Further analysis of teachers’ narratives is required to elicit and categorize reported changes (shifts, transformations) concerning specific teachers’ educational beliefs, and draw a more clear line between student voice and its impact on the research lesson planning and its modification in LS. Finally, a supplementary study utilizing classroom observation methods is needed to explore if student voice intervention results in tangible (actual) changes in teachers’ classroom practice and educational beliefs, rather than potential transformations that are mainly reported in this study.

Originality/value

Carried out in the largely overlooked by the academic literature context of the Reform at Scale (Wilson et al., 2013) in Kazakhstan and building on the original combination of theoretical lenses, the research contributes to the academic literature aiming at illuminating “the black box of teachers’ learning” in Lesson Study (in Widjaja et al., 2017, p.358) since it is one of the rare studies attempting to connect teacher learning, student voice and Lesson Study (Warwick et al., 2019). Additionally, approaching teacher learning in Lesson Study from the transformative learning perspective combined with the literature on teachers’ educational beliefs and student voice, this study contributes to the further development of a shared vocabulary for discussing teacher learning in Lesson Study.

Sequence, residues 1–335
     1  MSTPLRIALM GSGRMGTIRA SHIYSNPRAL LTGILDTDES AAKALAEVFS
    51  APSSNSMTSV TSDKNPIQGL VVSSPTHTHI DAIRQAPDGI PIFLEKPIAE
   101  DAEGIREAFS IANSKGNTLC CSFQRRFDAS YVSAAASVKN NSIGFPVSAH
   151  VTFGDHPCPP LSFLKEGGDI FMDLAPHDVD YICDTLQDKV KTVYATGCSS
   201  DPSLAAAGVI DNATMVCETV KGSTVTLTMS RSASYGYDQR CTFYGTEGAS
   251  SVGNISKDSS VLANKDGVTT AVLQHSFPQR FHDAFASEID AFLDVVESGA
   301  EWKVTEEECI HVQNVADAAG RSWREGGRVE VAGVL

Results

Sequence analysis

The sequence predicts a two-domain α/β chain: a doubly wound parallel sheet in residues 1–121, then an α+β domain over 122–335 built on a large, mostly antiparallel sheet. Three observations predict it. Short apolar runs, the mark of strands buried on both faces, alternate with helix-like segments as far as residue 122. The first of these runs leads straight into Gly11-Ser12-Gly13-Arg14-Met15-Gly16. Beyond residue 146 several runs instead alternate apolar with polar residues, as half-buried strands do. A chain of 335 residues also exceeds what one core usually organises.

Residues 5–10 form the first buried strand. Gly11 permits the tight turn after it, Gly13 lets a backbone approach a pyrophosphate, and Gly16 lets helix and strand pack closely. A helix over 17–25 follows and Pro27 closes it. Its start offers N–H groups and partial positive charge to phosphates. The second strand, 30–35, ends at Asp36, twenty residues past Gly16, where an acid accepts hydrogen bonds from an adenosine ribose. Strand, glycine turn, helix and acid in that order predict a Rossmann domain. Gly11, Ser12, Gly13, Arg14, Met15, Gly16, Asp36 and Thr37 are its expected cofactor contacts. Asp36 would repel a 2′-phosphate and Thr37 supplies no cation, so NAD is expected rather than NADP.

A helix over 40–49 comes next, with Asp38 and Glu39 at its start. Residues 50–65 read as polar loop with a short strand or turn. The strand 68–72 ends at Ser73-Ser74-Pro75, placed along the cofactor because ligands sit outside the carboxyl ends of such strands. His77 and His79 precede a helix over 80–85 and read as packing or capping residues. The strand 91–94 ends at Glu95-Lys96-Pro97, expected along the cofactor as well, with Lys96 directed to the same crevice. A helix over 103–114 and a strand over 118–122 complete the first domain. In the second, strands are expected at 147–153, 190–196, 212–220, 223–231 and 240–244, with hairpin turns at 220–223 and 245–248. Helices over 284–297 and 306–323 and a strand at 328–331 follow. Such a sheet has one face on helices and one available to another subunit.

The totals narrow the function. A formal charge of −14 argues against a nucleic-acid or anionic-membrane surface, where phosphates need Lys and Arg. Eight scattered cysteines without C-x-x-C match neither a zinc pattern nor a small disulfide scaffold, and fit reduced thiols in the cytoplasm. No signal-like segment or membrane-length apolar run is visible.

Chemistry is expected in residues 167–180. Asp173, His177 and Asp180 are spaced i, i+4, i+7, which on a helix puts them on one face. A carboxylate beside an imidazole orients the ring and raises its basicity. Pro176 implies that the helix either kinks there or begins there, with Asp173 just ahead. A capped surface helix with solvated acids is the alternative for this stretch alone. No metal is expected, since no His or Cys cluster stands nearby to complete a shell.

Details

International Journal for Lesson and Learning Studies, vol. 9 no. 2
Type: Research Article
ISSN: 2046-8253

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Article